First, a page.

"The civil rights takeover of the city that began in the '60s and reached its full fruition in the '70s followed a path that said the success of blacks depends on how much money and other resources we can get from various sources – for blacks. What we should have realized is that we cannot succeed by isolating ourselves as black people – that we have to be a part of the total process. That political isolation, along with concentration of troubled and impoverished families – which almost inevitably drives successful families away – is what we must change."

Surprise: It is changing. "You ought to come to Anacostia and look around," says Banks. "They are demolishing 1,000 units of assisted and subsidized housing, private and public, and there are RFPs [requests for proposals] to refurbish another 600 units for rent or sale. They're laying the groundwork for a much better mix of incomes. That's a new perspective, and the residents are part of it. You can't do it unless the residents are willing and able to participate."

But it's not just Anacostia where the early signs of change are beginning to appear. Brookland, 18th and Taylor and 18th and Montana in Northeast Washington may also soon see a spurt of privately built mixed-income housing, with an emphasis on what has been the missing gap in Washington real estate. Most of the home building here in the last 30 years has been either above $200,000 or well below $100,000. Banks believes that another decade or so will see better-balanced communities across most of Washington.

And why will that matter?

To start with, it will make it possible for the city to keep many of the upwardly mobile families who, still unable to afford Washington's high-priced housing, have been moving to Prince George's County. Those are the very families that could provide the lift for some of our troubled neighborhoods.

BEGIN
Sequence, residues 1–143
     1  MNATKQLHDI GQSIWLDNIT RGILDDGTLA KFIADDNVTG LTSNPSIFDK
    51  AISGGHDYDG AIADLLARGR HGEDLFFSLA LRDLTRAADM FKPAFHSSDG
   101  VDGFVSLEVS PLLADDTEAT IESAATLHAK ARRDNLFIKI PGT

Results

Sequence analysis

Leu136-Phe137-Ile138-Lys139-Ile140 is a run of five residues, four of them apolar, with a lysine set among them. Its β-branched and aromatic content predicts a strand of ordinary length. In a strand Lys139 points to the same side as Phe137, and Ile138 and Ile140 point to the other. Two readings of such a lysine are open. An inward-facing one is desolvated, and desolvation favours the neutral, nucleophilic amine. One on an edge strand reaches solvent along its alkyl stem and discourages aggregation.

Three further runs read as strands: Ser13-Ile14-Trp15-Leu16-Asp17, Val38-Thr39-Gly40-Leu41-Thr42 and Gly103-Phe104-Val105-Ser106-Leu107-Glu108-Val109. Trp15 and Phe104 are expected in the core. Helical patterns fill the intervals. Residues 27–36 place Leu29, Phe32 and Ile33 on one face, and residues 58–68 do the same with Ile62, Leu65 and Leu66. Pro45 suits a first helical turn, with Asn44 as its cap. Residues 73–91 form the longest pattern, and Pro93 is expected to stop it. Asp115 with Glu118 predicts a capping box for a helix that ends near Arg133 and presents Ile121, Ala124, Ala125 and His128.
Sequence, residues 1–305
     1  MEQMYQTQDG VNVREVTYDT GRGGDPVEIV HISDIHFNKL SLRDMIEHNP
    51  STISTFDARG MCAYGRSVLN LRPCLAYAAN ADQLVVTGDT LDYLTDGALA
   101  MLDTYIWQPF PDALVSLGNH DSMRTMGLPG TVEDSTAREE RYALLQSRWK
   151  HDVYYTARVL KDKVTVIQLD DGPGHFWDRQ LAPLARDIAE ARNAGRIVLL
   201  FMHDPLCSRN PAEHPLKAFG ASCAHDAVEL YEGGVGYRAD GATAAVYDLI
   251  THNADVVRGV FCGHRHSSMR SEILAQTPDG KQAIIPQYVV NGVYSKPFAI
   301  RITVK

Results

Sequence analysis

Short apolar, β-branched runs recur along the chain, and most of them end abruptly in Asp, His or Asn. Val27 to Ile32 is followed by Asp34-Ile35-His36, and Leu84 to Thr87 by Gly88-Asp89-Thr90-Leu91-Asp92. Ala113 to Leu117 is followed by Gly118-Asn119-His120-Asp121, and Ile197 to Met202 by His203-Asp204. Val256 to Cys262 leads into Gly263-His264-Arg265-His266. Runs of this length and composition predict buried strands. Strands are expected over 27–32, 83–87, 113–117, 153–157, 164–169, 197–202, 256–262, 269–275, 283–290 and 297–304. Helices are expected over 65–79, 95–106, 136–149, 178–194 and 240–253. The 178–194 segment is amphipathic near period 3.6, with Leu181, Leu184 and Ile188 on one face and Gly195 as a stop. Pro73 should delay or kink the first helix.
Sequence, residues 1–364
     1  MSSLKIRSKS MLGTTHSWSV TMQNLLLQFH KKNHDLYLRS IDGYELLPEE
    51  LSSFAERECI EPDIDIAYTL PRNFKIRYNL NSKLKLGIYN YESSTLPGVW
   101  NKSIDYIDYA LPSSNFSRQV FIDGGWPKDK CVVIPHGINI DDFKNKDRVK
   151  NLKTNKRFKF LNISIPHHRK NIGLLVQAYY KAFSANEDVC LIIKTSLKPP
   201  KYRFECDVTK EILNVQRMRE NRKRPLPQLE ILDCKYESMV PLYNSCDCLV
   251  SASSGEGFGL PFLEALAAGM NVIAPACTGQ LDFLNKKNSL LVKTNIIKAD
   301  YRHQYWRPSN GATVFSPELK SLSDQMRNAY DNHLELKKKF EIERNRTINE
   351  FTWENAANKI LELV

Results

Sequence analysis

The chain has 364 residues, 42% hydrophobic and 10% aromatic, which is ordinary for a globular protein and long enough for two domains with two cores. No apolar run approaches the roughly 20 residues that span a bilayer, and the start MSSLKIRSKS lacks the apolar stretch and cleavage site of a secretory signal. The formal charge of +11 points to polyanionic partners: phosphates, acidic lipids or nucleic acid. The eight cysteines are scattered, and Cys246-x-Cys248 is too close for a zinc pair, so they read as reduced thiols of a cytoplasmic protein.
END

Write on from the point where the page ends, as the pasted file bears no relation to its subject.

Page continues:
"It's awkward to talk about," says Banks, "but those community leaders, the citizens associations leadership of pre-home-rule Washington, tended to be well-educated, often college-trained people whose leadership grew out of their personal achievement. They were not just role models, though they were that, but they also made the neighborhoods work even for the impoverished residents. We need to bring them back."

If neighborhood health is Banks's yardstick for measuring the quality of life and the coherence of community in Washington over the next 30 years, the quality of education is mine. I worry about the children – how can you contemplate the future of Washington and not worry about the children? – and I fear that the process Banks envisions is, by itself, too slow to hold much possibility for halting their headlong slide into ignorance, dysfunction and worse.

I think of the old Washington as a place where people who grew up in quite poor families still remember how schools made a difference in their lives. And I'm afraid I think of today's Washington as a place where the schools that serve poor children are little short of disasters – even when they manage to open on time. Take the recent report that in 14 of the city's high schools, upwards of 94 percent of the 10th graders scored below grade level in math, or that at two of those schools the under-performance was 100 percent.

Washington cannot be what I want it to be for my children and their families unless it does a lot better for the children it is now so tragically failing.

And here, perhaps, is where my vision and Jim Banks's vision merge. Poor children do better-and have a greater chance of breaking out of their poverty – when they have neighbors who care, and who know from personal experience what it takes to overcome. This, it goes without saying, is not something you can picket and protest for, or demand in the name of equality or as recompense for past sins. It is not something that someone else can deliver. It has to come not from people who owe, but from people who care. That's why Banks sees the community-building potential of mixed-income housing as vital.

So do I. But it's not enough. What we also have to do, if Washington is to become the city it can be, is to commit ourselves to rescuing those children. Washington's middle class – specifically its black middle class – will have to become the caring neighbors these children need, wherever we live and wherever they live. Starting now.

William Raspberry has been a Post columnist since 1966.

© Copyright 1998 The Washington Post Company